The finest object is a famous figurine of a snake goddess with bare breasts that is perhaps the best known figure of Minoan art. (I sometimes wonder whether the typical Minoan dress of a long flounced skirt but with bare breasts is not a figment of the modern male imagination, wishing onto the Minoans the sort of dress that you wish your wives or girlfriends were brave enough to wear. But this snake goddess and indeed several engraved amulets seem to suggest that the style was genuine enough. One wonders too what the snakes were doing. Was there a ritual ordeal whereby the young men had to go out into the court and run with the bulls: if they were gored, they died, but if they succeeded in leaping over the back, they became the king. Meanwhile the women had to handle a snake in each hand. If a snake bit them, they died; if they survived, they were clearly pure in spirit and beloved of the gods and they therefore became a queen.)
Behind the western range is what was probably the most important part of the palace – the magazines, the rows and rows of storerooms filled with pithoi, the huge storage jars in which olive oil was stored in huge quantities. Probably it was not just olive oil; there were other treasures such as woollen blankets. And it was not just for storage but it was for display too, and part of the ritual would have been perambulating round the magazines to admire the wealth of the ruler, and by implication the wealth of the whole country, so that the farmers could see the fruit of their labours.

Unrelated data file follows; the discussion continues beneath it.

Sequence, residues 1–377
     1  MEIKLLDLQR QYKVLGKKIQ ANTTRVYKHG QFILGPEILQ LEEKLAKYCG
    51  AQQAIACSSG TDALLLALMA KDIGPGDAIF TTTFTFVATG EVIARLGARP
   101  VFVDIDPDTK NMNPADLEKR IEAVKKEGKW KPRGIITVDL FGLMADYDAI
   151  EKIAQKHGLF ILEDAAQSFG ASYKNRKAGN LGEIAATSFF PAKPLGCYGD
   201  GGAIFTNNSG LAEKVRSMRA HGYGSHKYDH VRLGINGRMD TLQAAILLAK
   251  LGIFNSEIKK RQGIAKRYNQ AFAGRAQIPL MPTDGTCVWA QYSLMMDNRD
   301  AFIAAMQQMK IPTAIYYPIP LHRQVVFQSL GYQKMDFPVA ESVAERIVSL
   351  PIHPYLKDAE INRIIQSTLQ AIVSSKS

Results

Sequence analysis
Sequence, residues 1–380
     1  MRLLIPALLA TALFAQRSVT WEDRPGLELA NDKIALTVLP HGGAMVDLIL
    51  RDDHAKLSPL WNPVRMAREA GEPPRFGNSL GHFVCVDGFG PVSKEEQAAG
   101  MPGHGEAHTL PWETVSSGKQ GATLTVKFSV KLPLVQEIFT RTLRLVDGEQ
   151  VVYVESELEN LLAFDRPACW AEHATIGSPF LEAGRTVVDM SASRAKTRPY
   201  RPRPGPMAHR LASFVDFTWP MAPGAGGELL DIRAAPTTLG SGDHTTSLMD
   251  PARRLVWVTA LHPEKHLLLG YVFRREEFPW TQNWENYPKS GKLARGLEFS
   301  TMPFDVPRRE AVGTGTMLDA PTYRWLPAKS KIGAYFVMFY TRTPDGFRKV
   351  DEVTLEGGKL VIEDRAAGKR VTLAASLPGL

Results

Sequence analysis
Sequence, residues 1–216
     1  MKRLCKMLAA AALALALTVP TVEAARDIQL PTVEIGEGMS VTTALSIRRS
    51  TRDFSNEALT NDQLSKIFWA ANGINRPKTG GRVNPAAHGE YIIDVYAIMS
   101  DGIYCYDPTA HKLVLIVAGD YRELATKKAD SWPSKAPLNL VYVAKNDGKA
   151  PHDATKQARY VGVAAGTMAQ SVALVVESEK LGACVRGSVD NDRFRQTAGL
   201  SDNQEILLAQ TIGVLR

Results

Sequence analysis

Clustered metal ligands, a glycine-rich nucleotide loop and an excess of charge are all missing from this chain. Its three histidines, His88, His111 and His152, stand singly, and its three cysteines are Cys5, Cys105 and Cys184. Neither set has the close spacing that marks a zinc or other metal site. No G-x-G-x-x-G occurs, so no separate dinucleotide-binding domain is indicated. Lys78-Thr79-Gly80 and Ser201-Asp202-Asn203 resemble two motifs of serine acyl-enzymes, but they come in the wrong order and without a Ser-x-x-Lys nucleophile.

On the other side of the courtyard, the ground falls away steeply and staircases lead down to the floors below. Evans named one of them the Hall of the Double Axes, the double axe being the early Minoan symbol of kingship, while another room was named The Queen’s Megaron. Evans called this eastern side the ‘domestic quarters’, yet it is hard to see them as being places where people actually lived, for there are no kitchens or hearths, no sign of food being prepared, so perhaps we should see them as being places of ritual.